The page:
The IRS recently announced the 2021 federal estate tax rate limits, which are $11.7 million for individuals and $23.4 million for married couples. This is increased from $11.58 million and $23.16 million respectively in 2020.
Under this new guidance, wealthy Americans will be able to leave up to $23.4 million to their heirs without being subject to federal estate tax rates, which top out at 40%. The federal gift tax exemption will remain at $15,000 annually, meaning gifts made up to that amount will not be taxed by the federal government.
Will There Be Changes Under the Biden Administration?
While estate tax rates have stayed fairly consistent over the past few years, estate planning attorneys across the country are being asked by their clients how the presidential election may affect future federal tax limits.
During the campaign season, the Biden/Harris team proposed reducing the estate tax exemption to $3.5 million for estates and $1 million for gifts. The ability to pass such measures, however, appears to be a long shot, considering the current makeup of the Senate. The Democratic party now holds a very slim majority and lowering the estate tax threshold is not particularly popular on the Republican side. It would be difficult, if not impossible, at this point to get a majority of Senators to agree to such legislation.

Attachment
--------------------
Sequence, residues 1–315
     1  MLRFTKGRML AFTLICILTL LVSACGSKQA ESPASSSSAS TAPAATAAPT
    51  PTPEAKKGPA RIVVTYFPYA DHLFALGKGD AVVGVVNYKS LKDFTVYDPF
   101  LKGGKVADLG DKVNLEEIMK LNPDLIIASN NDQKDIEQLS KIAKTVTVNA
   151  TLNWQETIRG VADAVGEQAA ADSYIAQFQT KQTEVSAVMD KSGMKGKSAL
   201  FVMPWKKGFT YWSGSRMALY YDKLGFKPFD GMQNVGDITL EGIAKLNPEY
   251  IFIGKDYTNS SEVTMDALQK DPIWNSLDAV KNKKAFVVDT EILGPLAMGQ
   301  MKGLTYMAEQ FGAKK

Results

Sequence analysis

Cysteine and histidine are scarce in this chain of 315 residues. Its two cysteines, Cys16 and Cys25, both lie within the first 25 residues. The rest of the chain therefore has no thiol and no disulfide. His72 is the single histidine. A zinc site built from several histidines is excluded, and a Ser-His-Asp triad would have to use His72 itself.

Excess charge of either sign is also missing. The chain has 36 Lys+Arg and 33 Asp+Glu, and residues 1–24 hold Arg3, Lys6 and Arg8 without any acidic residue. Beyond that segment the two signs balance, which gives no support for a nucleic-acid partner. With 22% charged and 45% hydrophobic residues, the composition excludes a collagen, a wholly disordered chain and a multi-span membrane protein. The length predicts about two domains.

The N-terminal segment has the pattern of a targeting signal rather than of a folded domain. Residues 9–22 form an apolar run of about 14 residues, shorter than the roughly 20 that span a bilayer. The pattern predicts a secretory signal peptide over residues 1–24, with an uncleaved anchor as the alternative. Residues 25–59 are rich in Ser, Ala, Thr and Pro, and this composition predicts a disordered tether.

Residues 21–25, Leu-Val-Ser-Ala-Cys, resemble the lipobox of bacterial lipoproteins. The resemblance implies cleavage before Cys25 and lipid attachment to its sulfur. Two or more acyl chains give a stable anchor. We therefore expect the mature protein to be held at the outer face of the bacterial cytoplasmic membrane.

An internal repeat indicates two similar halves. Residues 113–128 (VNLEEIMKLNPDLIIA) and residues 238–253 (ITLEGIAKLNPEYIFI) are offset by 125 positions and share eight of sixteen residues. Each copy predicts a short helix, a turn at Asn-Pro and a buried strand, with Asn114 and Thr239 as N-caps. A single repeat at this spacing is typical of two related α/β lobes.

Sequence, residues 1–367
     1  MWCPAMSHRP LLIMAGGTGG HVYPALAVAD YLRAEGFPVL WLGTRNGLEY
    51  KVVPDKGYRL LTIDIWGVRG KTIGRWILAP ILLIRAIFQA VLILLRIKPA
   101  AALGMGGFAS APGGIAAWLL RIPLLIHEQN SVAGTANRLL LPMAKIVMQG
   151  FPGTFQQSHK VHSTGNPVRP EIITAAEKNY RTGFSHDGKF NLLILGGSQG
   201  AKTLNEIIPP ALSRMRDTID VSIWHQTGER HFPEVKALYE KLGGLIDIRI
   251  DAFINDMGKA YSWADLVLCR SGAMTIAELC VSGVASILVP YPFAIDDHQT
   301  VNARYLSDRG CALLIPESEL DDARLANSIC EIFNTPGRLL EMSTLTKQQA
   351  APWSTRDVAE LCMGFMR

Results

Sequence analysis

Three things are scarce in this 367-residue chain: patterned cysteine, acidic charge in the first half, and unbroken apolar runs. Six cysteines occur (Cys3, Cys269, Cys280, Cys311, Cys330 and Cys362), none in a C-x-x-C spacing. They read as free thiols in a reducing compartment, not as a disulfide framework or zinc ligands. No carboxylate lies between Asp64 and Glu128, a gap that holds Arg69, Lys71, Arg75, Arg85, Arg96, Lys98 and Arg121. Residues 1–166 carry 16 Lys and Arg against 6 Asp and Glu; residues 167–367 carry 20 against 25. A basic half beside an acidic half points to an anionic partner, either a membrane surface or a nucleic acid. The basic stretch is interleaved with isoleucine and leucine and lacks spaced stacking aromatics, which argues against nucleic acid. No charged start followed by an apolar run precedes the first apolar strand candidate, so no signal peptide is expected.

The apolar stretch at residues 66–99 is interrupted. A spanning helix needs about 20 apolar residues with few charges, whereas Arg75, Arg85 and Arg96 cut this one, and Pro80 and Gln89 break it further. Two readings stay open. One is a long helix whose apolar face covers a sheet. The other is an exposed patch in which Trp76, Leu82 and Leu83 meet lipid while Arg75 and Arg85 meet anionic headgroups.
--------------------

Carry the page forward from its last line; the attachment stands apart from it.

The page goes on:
Complicating matters further is the coronavirus pandemic. It’s anticipated that Congress will spend the next few months working on financial relief packages for individuals and businesses impacted by COVID-19. As such, major overhauls to the estate tax are anticipated to take a backseat in 20201 in favor of more pressing matters.
However, when it comes to the whims of Congress, estate planning lawyers “never say never.” That’s why we are continuing to keep a watchful eye on Congress should support begin to emerge for estate tax reform in 2021 and beyond. For real-time updates, be sure to follow our estate planning blog, or subscribe to our newsletter. Finally, if you have specific questions about the federal estate tax or how to avoid “death taxes” on your estate when you are gone, please contact us at (615) 846–6201 to schedule an appointment.